Tonight, I was back out with my 120mm achro, comparing low cost eyepieces on the moon and planets. Here’s the lineup:
Meade HD-60 6.5mm set in 1.25” extension tube
Meade 15mm Super Plossl inside a 1.25” extension tube and that set in a 2.2X barlow
Orion Explorer ll 17mm plossl inside the 1.25” tube and set in the 2.2X barlow
BCO 18mm inside the tube and barlow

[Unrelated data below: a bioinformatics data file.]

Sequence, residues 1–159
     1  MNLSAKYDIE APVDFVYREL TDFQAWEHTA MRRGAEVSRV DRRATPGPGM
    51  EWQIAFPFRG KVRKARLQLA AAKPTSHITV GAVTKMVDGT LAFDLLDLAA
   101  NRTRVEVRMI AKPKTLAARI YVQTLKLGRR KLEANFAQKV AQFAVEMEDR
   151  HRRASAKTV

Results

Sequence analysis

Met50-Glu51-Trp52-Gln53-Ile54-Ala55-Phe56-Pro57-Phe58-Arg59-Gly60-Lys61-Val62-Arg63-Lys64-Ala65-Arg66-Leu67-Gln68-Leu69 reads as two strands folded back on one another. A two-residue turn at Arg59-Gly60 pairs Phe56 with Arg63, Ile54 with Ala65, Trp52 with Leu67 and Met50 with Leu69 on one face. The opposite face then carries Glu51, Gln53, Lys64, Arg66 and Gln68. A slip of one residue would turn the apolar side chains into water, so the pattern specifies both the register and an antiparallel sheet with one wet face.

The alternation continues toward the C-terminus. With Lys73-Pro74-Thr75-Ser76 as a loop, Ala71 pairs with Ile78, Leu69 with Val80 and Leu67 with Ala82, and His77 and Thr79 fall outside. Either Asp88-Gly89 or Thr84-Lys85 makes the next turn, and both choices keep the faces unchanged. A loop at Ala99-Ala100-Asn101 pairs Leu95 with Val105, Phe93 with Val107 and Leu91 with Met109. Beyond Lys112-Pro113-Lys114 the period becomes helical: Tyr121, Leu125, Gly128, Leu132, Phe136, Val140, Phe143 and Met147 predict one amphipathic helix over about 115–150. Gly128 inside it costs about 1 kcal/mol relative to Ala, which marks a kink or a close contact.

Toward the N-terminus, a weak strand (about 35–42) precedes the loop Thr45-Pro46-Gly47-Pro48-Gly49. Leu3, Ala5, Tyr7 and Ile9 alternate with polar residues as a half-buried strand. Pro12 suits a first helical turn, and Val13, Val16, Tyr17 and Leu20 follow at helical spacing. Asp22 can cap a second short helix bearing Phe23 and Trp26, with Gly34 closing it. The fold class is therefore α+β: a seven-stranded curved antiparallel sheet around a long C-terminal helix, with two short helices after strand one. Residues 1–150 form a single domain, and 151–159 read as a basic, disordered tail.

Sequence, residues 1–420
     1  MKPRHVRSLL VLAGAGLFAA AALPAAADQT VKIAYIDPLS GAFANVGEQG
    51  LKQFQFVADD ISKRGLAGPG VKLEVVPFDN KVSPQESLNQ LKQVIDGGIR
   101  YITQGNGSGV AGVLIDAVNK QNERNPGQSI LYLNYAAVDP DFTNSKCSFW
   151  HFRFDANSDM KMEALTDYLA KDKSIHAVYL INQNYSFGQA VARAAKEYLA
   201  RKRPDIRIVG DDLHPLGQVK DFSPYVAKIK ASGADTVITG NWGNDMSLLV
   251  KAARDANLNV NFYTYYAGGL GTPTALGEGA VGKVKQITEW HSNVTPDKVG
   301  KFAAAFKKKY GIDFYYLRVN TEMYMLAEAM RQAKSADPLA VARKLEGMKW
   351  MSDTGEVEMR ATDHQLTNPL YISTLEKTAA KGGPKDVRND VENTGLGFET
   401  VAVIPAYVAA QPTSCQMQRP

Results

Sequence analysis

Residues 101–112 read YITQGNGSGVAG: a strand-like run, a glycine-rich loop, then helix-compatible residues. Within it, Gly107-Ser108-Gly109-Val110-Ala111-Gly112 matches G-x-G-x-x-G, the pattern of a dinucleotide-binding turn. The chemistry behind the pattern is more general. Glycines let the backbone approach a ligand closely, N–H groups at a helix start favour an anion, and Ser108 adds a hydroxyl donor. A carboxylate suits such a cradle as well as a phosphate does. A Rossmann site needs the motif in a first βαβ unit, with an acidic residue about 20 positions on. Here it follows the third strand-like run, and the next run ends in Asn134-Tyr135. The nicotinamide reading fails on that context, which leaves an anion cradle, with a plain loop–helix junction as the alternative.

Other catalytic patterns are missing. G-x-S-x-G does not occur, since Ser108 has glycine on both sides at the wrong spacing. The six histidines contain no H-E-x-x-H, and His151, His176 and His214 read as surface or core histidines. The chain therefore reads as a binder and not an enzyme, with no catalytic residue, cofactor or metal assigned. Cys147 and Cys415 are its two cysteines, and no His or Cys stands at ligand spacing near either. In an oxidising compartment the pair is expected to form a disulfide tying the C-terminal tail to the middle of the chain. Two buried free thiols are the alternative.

By using a barlow and a short extension tube, I was able to boost magnification into the planetary league for all eyepieces. The first target was the Cassini Division. All of the eyepieces show it well nearly every time out. Not tonight! Seeing was so poor, the HD-60, at 6.5mm, didn’t show it. It was blurred out. I tried the Meade Super Plossl, often my best eyepiece on Saturn, and no go. The division was blurred out. Next was the Explorer ll 17mm. I could see the Cassini Division! Not a great view, but it was there. Last to go was the 18mm BCO. It was almost identical in view to the HD-60. No division shown. Next up were the two main belts on Jupiter. I couldn’t choose a winner. All looked lousy and then a clear moment would show the belts well. I called it a draw and went to the moon. I found a pair of connected craters along theTerminator. They resembled spectacles. I chose the bridge between them for a target. The BCO gave me a brilliant image, while the others were dull! I wondered what was going on and looked up to see light clouds had moved in while I was viewing with the other eyepieces. After they cleared, I redid the test and all eyepieces were excellent. I gave the win to the HD-60, as I enjoyed the view best with it. I regret not getting out the Celestron zoom and 2X barlow. As I’ve mentioned before, the barlow cleans up the edges and turns the zoom into a nice planetary eyepiece! I think it would have won tonight’s contest, had I used it, as I could have dialed in the best magnification. So, there you have it. My cheapest eyepiece, the Explorer ll, excelled under tough conditions. If it beats out the BCO on Mars, that BCO is going bye bye!